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  • Double-contrast barium enema: This procedure involves filling the colon and rectum with a white liquid material (barium) to enhance x-ray pictures. Abnormalities (such as polyps) can be seen clearly.
  • Digital rectal exam: A rectal examination is often part of a routine physical checkup. Your doctor inserts a lubricated, gloved finger into your rectum to feel for any abnormalities.

  • Diagnosis

    If you have a symptom or screening result that suggests colorectal cancer, your doctor must find out whether it originates from cancer or other health conditions.

    Your doctor will ask about your personal and family medical history and perform a physical examination.

    If abnormalities (such as polyps) are found, a biopsy may be required. Often, the abnormal tissue can be removed during colonoscopy or sigmoidoscopy. A pathologist checks the tissue for cancer cells using a microscope.

    How is Colorectal Cancer Assessed?

    If the biopsy shows that cancer is present, your doctor needs to know the extent of the disease to plan the best treatment. The stage is based on whether the tumor has invaded nearby tissues, whether the cancer has spread and, if so, to what parts of the body.

    Doctors describe colorectal cancer by the following stages:

    1. Stage 0: The cancer is found only in the innermost lining of the colon or rectum. Carcinoma in situ is another name for Stage 0 colorectal cancer.
    2. Stage I: The tumor has grown into the inner wall of the colon or rectum. The tumor has not grown through the wall.
    3. Stage II: The tumor extends more deeply into or through the wall of the colon or rectum. It may have invaded nearby tissue, but cancer cells have not spread to the lymph nodes.
    4. Stage III: The cancer has spread to nearby lymph nodes, but not to other parts of the body.
    5. Stage IV: The cancer has spread to other parts of the body, such as the liver or lungs.
    6. Recurrence: This is cancer that has been treated and has returned after a period of time when the cancer could not be detected. The disease may return in the colon or rectum, or in another part of the body.

    What Treatment is Offered?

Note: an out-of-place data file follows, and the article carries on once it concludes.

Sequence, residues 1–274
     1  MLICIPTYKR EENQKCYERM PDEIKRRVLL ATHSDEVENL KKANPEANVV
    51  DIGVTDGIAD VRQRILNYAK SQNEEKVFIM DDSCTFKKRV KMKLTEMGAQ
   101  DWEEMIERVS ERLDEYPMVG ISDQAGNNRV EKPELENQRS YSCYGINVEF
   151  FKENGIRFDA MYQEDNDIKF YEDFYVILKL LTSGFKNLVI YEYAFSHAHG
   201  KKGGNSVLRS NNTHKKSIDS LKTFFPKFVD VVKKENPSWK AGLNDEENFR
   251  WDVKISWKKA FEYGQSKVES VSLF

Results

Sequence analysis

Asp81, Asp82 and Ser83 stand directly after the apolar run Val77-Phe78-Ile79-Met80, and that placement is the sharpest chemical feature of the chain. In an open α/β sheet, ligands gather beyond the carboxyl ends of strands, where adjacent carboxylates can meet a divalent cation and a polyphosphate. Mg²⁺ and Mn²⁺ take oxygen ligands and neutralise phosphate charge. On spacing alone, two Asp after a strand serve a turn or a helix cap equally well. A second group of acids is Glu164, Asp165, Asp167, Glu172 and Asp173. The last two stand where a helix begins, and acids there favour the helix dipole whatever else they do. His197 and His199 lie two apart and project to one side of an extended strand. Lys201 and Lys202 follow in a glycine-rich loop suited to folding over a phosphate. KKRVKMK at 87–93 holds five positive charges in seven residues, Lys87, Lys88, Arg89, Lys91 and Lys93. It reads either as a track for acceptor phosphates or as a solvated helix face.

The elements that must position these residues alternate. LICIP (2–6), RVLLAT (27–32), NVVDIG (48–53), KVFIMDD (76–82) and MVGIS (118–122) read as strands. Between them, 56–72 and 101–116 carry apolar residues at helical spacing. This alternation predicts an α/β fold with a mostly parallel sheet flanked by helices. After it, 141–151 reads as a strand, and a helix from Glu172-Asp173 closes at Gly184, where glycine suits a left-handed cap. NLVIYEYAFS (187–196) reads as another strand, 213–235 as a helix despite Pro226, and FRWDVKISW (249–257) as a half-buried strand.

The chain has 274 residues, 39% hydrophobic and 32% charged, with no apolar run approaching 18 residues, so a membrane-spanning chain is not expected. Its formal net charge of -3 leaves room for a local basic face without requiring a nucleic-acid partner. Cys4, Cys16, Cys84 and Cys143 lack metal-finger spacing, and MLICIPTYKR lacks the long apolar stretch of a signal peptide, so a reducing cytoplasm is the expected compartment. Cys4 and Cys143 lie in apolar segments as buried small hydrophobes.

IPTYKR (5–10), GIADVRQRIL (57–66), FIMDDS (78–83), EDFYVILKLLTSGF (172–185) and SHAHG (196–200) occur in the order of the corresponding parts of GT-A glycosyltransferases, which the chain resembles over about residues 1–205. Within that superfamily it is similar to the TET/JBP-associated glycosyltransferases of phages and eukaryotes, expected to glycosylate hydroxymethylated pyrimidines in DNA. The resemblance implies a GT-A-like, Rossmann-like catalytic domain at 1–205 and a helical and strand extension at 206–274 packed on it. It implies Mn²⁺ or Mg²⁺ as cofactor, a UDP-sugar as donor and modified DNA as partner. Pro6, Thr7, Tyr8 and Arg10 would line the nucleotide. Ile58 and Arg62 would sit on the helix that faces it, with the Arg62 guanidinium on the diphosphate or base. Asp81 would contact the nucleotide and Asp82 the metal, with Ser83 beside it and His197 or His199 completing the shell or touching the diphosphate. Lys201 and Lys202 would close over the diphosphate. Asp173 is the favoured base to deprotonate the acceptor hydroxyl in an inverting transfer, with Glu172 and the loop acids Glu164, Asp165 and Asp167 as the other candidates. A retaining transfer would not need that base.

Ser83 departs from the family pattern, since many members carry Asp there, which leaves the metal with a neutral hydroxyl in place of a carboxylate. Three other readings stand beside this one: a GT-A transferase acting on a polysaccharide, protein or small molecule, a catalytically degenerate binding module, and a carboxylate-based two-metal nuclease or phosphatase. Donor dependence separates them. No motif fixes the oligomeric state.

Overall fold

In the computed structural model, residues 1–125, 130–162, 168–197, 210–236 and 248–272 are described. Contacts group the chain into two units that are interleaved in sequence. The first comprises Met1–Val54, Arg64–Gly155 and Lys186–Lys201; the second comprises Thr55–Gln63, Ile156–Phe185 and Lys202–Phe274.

• Surgery involves the removal of tissues that contain the tumor and nearby tissues/lymph nodes. This may be done via laparoscopy or open surgery.
  • Chemotherapy Chemotherapy uses anticancer drugs to shrink/kill cancer cells. The drugs enter the bloodstream and can affect cancer cells all over the body.
  • Biological Therapy Some people with colorectal cancer that has spread receive a monoclonal antibody, a type of biological therapy. The monoclonal antibodies bind to colorectal cancer cells. They interfere with cancer cell growth.
  • Radiation Therapy Radiation therapy (also called radiotherapy) uses high-energy rays to kill cancer cells. It affects cancer cells only in the treated area.
  • What kind of support is available?

    CanHOPE, a ParkwayHealth initiative together with the multi-disciplinary team of doctors tries to bring about a holistic approach to cancer care at no extra cost. Counsellors manned its cancer counselling service through a hotline and email to provide emotional and psychosocial support to all patients and caregivers to assist them to cope effectively with cancer. A meet and greet service with face-to-face counselling can also be arranged.

    Patients, health care professionals & the general public can also receive up-to-date cancer information, its related screening tests, treatment and referral to appropriate cancer services, resources for further rehabilitation and support services, advice on side-effects of cancer treatment, coping strategies, diet and nutrition.

    CALL our CanHOPE counsellors: 6060 1066 or e-mail: